The 20 Best Stocks to Buy for 2020
Get ready to rumble. The best stocks to buy for 2020 will undoubtedly have growth potential, but they also should be able to withstand a market tantrum or two.
It's difficult to lock down the absolute best stocks to buy for any year – but 2020 could be particularly challenging.
For one, 2019's run-up has lifted stocks to sky-high prices only seen a handful of times in history. Also, the global economy is starting the year at a potential inflection point – growth has been weakening for months, but signals of a turnaround are starting to pop up. And the 2020 presidential cycle is almost certain to cause headaches for a number of politics-sensitive sectors.
The year ahead could be every bit as volatile as 2019, if not moreso. Thus, the best stocks for 2020 will need to have not just decent-to-robust growth prospects, but a little durability too. That's quite the needle to thread … but several companies do fit that bill.
Here are the 20 best stocks to buy for 2020, rain or shine. A few of these possess typical defensive characteristics such as recession-resistant businesses and/or high dividend yields. A few possess qualities that could protect them from 2020-specific dangers, such as trade turbulence or the upcoming presidential elections. But all of them merit a place in most stock portfolios in the coming year.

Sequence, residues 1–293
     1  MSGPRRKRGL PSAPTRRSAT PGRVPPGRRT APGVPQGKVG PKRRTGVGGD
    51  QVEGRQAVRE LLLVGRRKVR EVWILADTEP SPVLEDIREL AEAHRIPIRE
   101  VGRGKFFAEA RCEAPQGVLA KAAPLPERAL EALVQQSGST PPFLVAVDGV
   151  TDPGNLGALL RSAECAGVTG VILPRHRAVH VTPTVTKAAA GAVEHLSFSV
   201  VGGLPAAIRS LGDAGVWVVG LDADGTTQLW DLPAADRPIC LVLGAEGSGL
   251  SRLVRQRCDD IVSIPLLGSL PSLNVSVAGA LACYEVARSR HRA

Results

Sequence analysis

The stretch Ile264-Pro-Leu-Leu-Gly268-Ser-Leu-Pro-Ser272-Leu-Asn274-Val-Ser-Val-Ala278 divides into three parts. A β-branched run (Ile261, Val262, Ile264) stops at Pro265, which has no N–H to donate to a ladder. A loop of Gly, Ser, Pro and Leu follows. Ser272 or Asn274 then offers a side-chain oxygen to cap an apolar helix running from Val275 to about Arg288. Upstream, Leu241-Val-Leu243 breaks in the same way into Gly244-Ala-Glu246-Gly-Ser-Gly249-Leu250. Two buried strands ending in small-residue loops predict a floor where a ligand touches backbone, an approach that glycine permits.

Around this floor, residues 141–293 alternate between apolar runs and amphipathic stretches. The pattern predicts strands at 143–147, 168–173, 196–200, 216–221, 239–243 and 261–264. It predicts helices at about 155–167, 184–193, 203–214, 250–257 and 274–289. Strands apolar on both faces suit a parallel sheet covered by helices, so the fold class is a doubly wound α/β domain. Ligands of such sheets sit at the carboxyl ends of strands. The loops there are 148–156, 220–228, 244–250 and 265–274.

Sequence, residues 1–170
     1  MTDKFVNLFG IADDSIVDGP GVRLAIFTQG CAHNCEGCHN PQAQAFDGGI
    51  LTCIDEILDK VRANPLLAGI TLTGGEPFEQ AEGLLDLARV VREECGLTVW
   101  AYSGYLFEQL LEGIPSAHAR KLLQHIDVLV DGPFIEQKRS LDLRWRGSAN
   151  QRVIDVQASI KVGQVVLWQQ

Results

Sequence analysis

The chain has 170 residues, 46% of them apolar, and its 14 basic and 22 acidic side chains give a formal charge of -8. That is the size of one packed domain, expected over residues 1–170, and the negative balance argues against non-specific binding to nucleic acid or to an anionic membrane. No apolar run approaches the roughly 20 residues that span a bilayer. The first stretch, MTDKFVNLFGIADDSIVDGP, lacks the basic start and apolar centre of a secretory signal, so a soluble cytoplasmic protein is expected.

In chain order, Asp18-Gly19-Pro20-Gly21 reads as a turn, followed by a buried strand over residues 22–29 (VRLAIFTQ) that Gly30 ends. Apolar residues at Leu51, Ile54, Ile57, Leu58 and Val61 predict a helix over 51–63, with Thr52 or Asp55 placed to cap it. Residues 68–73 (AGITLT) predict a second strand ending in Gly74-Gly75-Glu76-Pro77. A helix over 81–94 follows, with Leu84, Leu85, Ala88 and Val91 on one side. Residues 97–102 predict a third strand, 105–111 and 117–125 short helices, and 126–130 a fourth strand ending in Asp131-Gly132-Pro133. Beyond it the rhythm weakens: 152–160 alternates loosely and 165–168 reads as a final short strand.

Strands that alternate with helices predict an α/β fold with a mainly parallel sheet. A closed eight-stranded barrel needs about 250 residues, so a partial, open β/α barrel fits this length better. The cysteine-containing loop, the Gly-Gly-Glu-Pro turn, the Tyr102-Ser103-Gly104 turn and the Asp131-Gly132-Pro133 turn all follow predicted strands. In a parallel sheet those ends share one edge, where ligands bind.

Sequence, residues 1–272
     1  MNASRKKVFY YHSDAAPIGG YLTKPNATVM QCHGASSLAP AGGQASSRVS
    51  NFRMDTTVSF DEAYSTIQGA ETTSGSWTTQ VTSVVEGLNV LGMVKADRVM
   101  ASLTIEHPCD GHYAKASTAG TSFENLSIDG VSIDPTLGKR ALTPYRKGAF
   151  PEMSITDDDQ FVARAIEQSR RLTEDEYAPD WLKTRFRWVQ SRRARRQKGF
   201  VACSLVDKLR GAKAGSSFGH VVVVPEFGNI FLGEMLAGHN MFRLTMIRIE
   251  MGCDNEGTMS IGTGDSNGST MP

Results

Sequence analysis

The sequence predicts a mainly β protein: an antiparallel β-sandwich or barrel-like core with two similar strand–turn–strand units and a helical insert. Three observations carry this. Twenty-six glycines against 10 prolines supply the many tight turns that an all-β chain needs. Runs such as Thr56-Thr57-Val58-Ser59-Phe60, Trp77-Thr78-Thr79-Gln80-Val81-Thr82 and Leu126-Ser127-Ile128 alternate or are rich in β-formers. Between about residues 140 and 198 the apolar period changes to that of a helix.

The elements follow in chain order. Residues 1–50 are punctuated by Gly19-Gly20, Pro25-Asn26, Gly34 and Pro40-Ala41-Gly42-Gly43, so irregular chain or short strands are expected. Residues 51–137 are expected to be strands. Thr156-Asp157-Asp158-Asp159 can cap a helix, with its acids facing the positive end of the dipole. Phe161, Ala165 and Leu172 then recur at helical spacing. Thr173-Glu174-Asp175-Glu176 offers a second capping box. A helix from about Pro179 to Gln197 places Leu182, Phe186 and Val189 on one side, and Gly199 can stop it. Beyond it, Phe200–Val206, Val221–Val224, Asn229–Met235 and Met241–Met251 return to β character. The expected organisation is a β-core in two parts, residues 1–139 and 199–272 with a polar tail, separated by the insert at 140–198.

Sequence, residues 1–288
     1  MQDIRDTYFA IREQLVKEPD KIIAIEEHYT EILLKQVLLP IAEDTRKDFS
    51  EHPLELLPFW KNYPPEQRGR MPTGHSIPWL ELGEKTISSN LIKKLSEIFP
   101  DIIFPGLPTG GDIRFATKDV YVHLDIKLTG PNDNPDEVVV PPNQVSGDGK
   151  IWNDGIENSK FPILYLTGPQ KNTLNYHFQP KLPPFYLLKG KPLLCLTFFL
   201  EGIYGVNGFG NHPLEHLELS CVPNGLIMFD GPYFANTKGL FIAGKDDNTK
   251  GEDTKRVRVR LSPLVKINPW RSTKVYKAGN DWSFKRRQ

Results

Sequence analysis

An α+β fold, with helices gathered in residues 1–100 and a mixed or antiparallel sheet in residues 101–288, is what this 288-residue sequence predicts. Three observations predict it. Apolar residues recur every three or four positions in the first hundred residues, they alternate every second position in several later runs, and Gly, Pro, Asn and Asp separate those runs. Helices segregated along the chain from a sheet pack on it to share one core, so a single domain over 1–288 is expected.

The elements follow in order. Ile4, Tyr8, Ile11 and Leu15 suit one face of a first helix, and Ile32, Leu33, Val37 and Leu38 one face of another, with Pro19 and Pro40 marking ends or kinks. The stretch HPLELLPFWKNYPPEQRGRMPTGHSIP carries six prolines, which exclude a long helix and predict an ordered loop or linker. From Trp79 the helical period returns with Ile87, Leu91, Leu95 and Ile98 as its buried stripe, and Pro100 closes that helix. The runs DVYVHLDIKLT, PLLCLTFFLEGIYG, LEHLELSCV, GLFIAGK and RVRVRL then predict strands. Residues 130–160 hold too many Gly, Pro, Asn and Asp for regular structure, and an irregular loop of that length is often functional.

Data is as of Dec. 10. Stocks listed in alphabetical order. Dividend yields are calculated by annualizing the most recent payout and dividing by the share price.
- Industry: Pharmaceuticals
- Market value: $125.9 billion
- Dividend yield: 2.9%
AstraZeneca (AZN, $47.98) is a U.K.-based biopharmaceutical giant with treatments in oncology, cardiovascular, renal, respiratory and several other fields. It boasts a few dozen approved drugs, as well as a deep pipeline of 164 trial-stage treatments, including nine new molecular entities in late-stage trials.
Among its premier products are several cancer treatments, including Tagrisso (non-small cell lung), Imfinzi (bladder) and Lynparza (ovarian, breast and prostate). Tagrisso, which is approved in 87 countries, is AstraZeneca's best-selling drug, racking up $2.3 billion in sales across the first nine months of 2019 – that represents 82% year-over-year growth, and 13% of the company's year-to-date revenues. Better still, in the third quarter, Tagrisso and several other drugs had positive readouts in late-stage trials.
Despite all this success, Cowen analyst Steve Scala writes that the company's product momentum isn't being properly recognized. In December, he reiterated his Outperform rating (equivalent of Buy) and raised his price target to $55 per share from $48 previously, or roughly 15% upside potential. He also thinks that low U.S. exposure should insulate the stock from the upcoming presidential election cycle – a feature that makes AZN stand out among the best stocks to buy for 2020.
One more thing to like: Strong growth in China. The company's $3.7 billion in revenues through 2019's first nine months was 30% better than the same period in 2018. AstraZeneca's position in China and other emerging markets should serve it well in the year ahead.
Bright Horizons Family Solutions
- Industry: Education
- Market value: $8.8 billion
- Dividend yield: N/A